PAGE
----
In the month since he was elected, VHA President and Chief Executive Officer Curtis Nonomaque has not been willing to say much, preferring to stay in listening mode as he travels across the country visiting regional offices and hospital members.
But he will say one thing about his strategy looking forward: Irving, Texas-based VHA, a for-profit cooperative of not-for-profit hospitals, will not take it lying down as smaller, aggressive group purchasing organizations try to leverage the industry's past year of turmoil into a marketing strategy for their own benefit. If anything, a congressional panel's scrutiny of GPO business practices during the past year, which especially turned up the heat on VHA, its GPO, Novation, and their largest competitor, Premier, has only steeled Nonomaque's resolve.
"We're seeing niche players getting aggressive," he said in an interview with Modern Healthcare at last week's VHA Leadership Conference in Boston. "Novation has the best pricing in the industry right now and it's one of my top priorities to ensure that no one can provide better value on supply chain services than Novation. The best anybody else can hope for is second."
On May 1, Nonomaque, 45, officially takes the reins at VHA, succeeding C. Thomas Smith, who is retiring after nearly 12 years with VHA (March 10, p. 8). Nonomaque said he sees some major shifts in the business of GPOs since the Senate Judiciary Committee's antitrust subcommittee first challenged some longstanding business practices of hospital group purchasers. Competing GPOs such as "MedAssets and Broadlane, who are very aggressive, are marketing very limited (supply contract) portfolios," while trying to convince hospitals that they can outperform VHA and Novation, which VHA shares with University HealthSystem Consortium, Nonomaque said.
If the smaller GPOs try to piggyback on any of the hundreds of supplier contracts that already have been negotiated by Novation, Nonomaque warned VHA and Novation would hold suppliers to the terms of their Novation contracts.
"If by `niche player' he means a company that has changed the paradigm of the healthcare supply chain by assuming accountability for supply cost for the VHA shareholders that we currently serve, then I would agree with Curt," said David Ricker, Broadlane's chief operating officer.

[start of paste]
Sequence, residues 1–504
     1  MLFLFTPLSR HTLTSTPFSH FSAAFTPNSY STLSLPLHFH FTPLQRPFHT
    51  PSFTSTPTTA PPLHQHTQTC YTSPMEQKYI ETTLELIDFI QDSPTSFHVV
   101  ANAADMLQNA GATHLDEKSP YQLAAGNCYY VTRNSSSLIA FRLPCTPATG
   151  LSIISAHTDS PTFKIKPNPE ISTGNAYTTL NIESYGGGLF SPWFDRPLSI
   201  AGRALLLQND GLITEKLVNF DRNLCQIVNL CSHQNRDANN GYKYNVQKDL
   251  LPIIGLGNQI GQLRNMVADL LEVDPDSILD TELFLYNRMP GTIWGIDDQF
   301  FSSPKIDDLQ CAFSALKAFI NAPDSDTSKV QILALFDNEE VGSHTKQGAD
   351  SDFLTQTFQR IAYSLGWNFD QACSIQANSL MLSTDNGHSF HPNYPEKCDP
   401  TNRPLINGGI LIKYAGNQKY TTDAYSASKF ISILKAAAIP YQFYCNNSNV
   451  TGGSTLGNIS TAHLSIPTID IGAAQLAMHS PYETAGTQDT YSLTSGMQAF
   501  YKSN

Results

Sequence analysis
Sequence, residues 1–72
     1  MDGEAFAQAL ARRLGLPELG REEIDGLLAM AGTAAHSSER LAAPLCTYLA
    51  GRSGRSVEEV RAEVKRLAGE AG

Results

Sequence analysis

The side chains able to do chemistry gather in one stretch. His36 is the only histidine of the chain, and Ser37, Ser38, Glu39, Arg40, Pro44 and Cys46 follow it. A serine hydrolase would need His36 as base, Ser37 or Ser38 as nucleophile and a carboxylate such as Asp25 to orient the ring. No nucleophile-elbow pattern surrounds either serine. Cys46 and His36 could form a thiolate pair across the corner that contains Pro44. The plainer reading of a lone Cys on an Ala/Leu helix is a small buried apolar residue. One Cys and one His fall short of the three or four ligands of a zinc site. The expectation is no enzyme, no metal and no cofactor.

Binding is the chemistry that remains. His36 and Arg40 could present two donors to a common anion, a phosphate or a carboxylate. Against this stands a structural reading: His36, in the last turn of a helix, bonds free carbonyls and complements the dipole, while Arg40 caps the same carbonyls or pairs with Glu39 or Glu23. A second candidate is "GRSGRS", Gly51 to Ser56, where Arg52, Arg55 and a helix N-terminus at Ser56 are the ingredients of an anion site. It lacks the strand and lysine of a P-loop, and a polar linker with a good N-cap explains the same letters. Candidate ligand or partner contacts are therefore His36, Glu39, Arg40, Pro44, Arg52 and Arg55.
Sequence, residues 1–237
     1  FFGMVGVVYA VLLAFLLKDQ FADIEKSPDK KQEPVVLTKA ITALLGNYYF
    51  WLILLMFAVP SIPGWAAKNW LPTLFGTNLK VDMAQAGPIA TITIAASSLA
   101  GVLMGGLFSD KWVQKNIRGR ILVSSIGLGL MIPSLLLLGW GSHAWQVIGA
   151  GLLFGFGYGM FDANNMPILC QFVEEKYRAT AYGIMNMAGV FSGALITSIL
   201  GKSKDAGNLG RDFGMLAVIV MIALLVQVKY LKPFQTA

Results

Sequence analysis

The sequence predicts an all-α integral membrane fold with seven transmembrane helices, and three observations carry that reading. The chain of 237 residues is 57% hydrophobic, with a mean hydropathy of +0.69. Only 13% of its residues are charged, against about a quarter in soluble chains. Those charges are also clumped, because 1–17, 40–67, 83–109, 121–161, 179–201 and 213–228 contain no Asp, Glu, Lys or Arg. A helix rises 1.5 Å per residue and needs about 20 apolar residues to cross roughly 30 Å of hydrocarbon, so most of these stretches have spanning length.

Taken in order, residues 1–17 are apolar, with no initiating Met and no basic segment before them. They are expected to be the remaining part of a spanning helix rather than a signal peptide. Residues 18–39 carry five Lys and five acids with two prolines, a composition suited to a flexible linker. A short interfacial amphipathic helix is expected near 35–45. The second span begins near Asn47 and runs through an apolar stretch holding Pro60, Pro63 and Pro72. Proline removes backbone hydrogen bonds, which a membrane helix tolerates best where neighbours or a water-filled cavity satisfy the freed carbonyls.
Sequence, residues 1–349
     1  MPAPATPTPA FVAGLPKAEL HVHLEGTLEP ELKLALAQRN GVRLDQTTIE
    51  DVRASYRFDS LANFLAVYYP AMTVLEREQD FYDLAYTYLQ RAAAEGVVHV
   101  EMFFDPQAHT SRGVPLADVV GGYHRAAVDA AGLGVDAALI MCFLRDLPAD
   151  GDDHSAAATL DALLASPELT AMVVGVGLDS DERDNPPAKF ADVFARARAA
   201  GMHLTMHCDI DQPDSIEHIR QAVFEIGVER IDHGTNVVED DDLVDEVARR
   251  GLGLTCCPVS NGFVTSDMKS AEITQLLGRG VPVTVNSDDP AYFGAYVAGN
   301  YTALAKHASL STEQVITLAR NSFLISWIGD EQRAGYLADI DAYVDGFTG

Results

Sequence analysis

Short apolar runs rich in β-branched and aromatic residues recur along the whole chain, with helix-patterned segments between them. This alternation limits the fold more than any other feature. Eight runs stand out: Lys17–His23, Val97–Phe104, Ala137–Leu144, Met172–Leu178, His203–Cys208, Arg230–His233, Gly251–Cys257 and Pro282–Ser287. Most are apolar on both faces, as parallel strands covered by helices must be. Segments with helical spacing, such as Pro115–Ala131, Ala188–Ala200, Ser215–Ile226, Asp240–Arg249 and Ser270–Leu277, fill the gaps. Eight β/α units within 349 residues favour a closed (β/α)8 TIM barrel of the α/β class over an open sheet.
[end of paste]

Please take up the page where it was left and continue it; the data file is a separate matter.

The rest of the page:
Officials at MedAssets were unavailable for comment. However, last week the Alpharetta, Ga.-based GPO announced an alliance with supplier-backed Global Healthcare Exchange, Westminster, Colo. Under the agreement, MedAsset's 2,200 hospital customers will be able to buy products through GHX's Internet-based exchange. Financial terms were not disclosed.
The annus horribilis for the group purchasing industry did not infect VHA's bottom line for 2002, in spite of some expenses associated with the Senate hearing and several ensuing federal investigations, Nonomaque said.
VHA is distributing $276 million in cash to nearly 500 of its shareholder-members for their participation in the hospital cooperative's service and purchasing activities in 2002. That compares with the $211 million that was distributed in 2001. VHA members purchased more than $16.9 billion worth of products and services through VHA and Novation, a 10% increase from 2001 member purchases.
Meanwhile, Novation managed more than $19.6 billion in purchases in 2002, approximately $15.6 billion of that from VHA members, an 11% increase from 2001 supply purchases. In total, VHA members received $1.53 billion in cash and savings, a 20% increase from 2001. Officials said shareholder and partner organizations would receive their distribution payments within the next several weeks.
Enjoying its usual hefty margins, VHA posted operating income of $119.5 million on $448 million in revenue, a 27% margin, compared with $111 million in operating income on $393 million in revenue in 2001, a 28% margin. VHA does not publicly disclose net income. Nonomaque attributed the one-point dip in 2002 to increased fee support for [email protected], Novation's e-commerce initiative in partnership with San Jose, Calif.-based Neoforma. In 2002, VHA paid $55 million in fees to support the effort compared with $19 million in 2001.
At present, almost 850 of VHA's more than 2,200 members are committed to the marketplace and nearly 600 are already conducting some business through it. The site is transacting more than $23 million in purchases daily. "We believe [email protected] will be a sustainable, competitive advantage in the long term for our members," Nonomaque said.